It’s SO Expensive Though!
“How much does it cost to live in Sweden?”
This was a question I was asked quite a bit when we announced that we were moving to Sweden. Yes, it is expensive to live here. BUT, have you ever sat down to figure what you actually pay to live in the United States?
Of course, I too was curious and honestly a bit nervous about the cost of living in Sweden. After all, we read and hear about those taxes that take 60% of your income for those poor Swedes! How can anyone survive on that? Now that we’ve been here for a while, I feel like I can give a pretty fair idea of the actual cost break down here vs. the US.
How Much Does it Cost to Live in Illinois?
I’ve done everything by percentage so that I’m not divulging too much of our personal financial situation. Of course, these percentages are unique to us and our situation. Yours may be very different based upon where you live, how much you put into 401K, how many kids you have, etc.
The following numbers are based upon Johnny’s current salary, as if we were living in Illinois, living in an average priced home, assuming my kids attend public school and Emma a half day preschool. The amount that I figured for school/daycare for the kids was based on average of what parents pay in school supplies and field trips throughout the school year. I’m doubting that % even includes lunch for the kids though, so it may be even higher.
All of the above percentages add up to 70.71% of our income. This doesn’t include a housing payment (only the cost of property tax on an average sized house), grocery bill, extra curricular activities, vacations, clothes shopping, etc.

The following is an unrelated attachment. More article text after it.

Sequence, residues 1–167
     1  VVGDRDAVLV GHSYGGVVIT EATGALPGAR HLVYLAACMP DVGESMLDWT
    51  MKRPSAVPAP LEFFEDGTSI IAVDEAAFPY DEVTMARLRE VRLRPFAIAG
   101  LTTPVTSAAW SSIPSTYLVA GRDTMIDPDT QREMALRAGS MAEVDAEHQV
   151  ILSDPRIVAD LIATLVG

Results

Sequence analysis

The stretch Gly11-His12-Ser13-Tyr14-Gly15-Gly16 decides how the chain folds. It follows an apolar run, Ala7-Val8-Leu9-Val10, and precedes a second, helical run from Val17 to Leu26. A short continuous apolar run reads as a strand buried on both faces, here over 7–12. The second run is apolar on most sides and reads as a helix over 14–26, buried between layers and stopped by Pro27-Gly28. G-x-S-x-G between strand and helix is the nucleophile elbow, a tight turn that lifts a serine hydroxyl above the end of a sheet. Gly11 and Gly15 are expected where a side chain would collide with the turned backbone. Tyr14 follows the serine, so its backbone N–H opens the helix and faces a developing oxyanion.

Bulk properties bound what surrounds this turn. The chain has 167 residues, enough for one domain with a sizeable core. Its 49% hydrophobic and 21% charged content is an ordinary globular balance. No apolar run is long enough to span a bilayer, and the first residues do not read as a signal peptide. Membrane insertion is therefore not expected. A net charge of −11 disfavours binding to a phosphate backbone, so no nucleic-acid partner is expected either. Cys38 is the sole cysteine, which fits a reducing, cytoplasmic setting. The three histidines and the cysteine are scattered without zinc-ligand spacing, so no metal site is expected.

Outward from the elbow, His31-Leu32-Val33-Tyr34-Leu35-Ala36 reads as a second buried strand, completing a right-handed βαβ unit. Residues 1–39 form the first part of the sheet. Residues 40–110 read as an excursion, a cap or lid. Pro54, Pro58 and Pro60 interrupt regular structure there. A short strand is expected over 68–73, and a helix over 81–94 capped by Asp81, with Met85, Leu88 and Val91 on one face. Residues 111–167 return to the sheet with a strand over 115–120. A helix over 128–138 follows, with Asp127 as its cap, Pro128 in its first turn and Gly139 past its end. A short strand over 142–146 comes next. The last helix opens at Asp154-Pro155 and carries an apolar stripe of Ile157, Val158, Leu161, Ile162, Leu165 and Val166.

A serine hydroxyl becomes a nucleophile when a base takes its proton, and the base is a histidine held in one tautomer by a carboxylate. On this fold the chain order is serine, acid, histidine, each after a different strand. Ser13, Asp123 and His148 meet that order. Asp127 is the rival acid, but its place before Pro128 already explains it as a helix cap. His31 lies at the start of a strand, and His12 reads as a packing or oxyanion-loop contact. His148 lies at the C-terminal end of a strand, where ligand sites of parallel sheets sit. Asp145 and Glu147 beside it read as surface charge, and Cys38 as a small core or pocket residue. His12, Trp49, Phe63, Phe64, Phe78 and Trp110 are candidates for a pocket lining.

How Much Does it Cost to Live in Sweden?
All of the above from the US are included in the Västerås Tax and the Swedish State Tax.
*Each family has a maximum amount that they must pay for medical each year, almost like co-payments in the US. The Out of Pocket percentage assumes we would pay that full amount each year.
All of the above percentages add up to 63.67% of our income. This doesn’t include a housing payment (only the cost of property tax on an average sized house), grocery bill, extra curricular activities, vacations, clothes shopping, etc.
Here in Sweden groceries, clothes, gas, and almost everything is a bit more expensive so that is something to take into account.
The Choice is Yours
As you can see from the numbers above, living in Sweden isn’t really all that expensive when you compare it to the Chicago, Illinois area. These numbers above didn’t even take into account maternity/paternity leave (240 days per parent we’re talking, which can be shared among the parents), an average of 5 weeks vacation per year, no specified number of sick days per year, and free college tuition.
I won’t say that I love EVERYTHING here and that their system isn’t without fault, but depending on your lifestyle and what you want to get out of life, it isn’t a bad option either.